When we started working on the Subterranean exhibition, the emergence of European fairy tale characters warping and changing the local landscape was a metaphor for the impact of white colonisation on the Australian environment. As the work progressed, specific stories matched the menace of the surroundings, such as Bluebeard at the old Glandore Boys Home. With the national investigation of child abuse in institutions, the personification of domestic violence is an ominous presence as he climbs into the grounds of what is now a community centre, blurring the past with the present.
A month ago the story broke of contaminated groundwater near the old Mitsubishi factory in the Marion Council District. Vapour from the contamination was working its way through the walls of buildings in the area. The poisonous presence of Bluebeard climbing through the window of the old Pea Farm Ruins after emerging from under the ground takes on new meaning.
Bluebeard at Glandore, Continental Bakery wall, Almond Grove Road, Glandore
Bluebeard at the Pea Farm, O’Halloran Hill, on the Bernard and Keryn Brown Furnishers wall, 1262 South Road, Clovelly Park
After battling the winter weather, we installed the last mural over the weekend, and now have all fifteen on walls in the Marion Council district. This last one is on the TAB wall on Marion Road, and is a memorial to the WWI soldiers and measures approximately 1.5 x 4 metres.
The photomontage includes an old photograph of ‘Warracowie’ with permission from the owner, Rhonda Woodward, the daughter of Ted Hamilton.
George Henry Hamilton was a member of volunteer light horse and mounted rifles units for over 20 years. In this photo he and his son George Edward (Ted), who was aged about 17 at the time are shown in uniforms on horses in the front garden of Warracowie. Warracowie was owned by George Henry and Ellen Hamilton, and occupied the triangle bounded by Diagonal Rd, Morphett Rd and what became the Marion Shopping Centre in the 1960s. Warracowie was demolished by the City of Marion in November 1997 to make way for the Marion Cultural Centre.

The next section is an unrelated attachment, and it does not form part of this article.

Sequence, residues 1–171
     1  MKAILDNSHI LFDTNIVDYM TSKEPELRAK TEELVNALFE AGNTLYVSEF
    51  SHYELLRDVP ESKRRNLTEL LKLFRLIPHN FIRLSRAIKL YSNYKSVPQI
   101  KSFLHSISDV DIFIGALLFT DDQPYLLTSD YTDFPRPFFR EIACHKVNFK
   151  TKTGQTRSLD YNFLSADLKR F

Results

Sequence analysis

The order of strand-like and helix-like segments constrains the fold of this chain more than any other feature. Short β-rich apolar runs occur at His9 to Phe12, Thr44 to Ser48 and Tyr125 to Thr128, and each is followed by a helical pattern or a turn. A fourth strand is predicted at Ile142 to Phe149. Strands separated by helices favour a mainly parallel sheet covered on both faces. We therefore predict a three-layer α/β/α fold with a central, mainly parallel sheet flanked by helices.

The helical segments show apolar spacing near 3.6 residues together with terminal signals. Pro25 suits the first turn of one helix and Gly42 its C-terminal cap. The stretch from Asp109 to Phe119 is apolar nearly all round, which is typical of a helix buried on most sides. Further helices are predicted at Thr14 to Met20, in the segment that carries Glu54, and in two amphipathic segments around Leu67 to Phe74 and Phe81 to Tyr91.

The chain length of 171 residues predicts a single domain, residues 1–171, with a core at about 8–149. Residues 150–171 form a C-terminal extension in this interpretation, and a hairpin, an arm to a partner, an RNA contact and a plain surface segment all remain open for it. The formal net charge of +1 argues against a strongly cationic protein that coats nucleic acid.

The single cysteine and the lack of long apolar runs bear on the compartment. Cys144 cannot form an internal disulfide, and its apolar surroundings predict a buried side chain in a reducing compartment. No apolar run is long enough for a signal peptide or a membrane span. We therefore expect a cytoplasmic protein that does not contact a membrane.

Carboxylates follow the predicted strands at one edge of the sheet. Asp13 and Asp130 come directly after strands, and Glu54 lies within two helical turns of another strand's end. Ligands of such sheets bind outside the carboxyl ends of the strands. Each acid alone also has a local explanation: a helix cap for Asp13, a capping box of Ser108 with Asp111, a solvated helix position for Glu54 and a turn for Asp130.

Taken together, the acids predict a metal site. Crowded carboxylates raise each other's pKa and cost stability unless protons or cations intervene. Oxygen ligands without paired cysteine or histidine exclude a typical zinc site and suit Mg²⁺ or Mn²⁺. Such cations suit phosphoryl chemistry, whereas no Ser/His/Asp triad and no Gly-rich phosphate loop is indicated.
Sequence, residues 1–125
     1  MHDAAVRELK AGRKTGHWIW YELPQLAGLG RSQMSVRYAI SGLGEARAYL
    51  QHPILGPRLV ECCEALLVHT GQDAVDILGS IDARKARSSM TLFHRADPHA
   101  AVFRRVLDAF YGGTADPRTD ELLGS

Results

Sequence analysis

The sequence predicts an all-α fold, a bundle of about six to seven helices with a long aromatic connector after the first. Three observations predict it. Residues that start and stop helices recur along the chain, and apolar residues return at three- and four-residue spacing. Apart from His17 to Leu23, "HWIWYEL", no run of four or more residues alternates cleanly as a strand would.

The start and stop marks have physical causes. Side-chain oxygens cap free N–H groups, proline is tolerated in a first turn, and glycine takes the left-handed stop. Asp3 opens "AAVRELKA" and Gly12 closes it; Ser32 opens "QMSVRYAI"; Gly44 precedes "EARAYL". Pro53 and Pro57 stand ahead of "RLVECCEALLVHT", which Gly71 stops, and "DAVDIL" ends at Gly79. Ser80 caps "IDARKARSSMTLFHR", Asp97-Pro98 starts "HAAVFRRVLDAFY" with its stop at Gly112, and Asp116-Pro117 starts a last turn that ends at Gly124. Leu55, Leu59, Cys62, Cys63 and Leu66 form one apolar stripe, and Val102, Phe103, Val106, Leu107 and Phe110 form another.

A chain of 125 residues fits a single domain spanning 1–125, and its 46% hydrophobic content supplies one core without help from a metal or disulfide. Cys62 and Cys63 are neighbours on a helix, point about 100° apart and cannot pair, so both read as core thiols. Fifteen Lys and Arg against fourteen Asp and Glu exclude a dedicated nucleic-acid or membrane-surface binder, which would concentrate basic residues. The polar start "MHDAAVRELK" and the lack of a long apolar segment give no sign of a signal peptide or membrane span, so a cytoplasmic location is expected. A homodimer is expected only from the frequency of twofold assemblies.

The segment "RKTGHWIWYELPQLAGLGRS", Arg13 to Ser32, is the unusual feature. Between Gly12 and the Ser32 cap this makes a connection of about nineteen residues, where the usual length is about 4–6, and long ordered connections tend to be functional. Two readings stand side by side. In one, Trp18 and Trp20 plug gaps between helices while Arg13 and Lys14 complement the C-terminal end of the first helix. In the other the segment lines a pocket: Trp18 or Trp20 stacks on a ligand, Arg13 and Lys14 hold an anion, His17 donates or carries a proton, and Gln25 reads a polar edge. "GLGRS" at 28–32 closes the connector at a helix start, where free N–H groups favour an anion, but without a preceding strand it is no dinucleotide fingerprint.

Description as supplied to the Marion Heritage Research Centre
The Light Horse Brigade trained at the Morphettville Race Course during WWI, also pictured with the historic grandstand. The mural also features the stone wall on Diagonal Road that is near where Warracowie stood, and the paper ballerina and tin soldier from The Steadfast Tin Soldier fairy tale.
The picture of Warracowie is copyright ownership of Rhonda Woodward and must not be reproduced in any way without permission.
The pasting up of murals for the SALA exhibition was running smoothly over the weekend.
Yesterday a strong north-westerly came out of nowhere as I was attempting to paste up at Marion and I ended up wearing the mural. We now have six of the fifteen images on the walls, but no hope of getting the remaining nine up before the beginning of the Festival on Friday.
With our beautiful balmy autumn weather in April, it didn’t occur to me that wind and rain are the enemy of wheatpaste. Though the images are moderately weather-proof when up, it’s getting them on the wall that’s the problem.
So if you are visiting the exhibition on Friday and wonder why most of it is missing, it’s the weather.
Locations that are up:
Parkholme Community Hall, Marion Road, Parkholme
Mitchell Park Neighbourhood Centre, Cumbria Court, Mitchell Park
Richard Jolly Racing, Morphett Road, Morphettville
Panorama Crash Repairs (with some community additions), Raglan Avenue, Edwardstown
Bernard and Keryn Brown Furnishers, South Road, Clovelly Park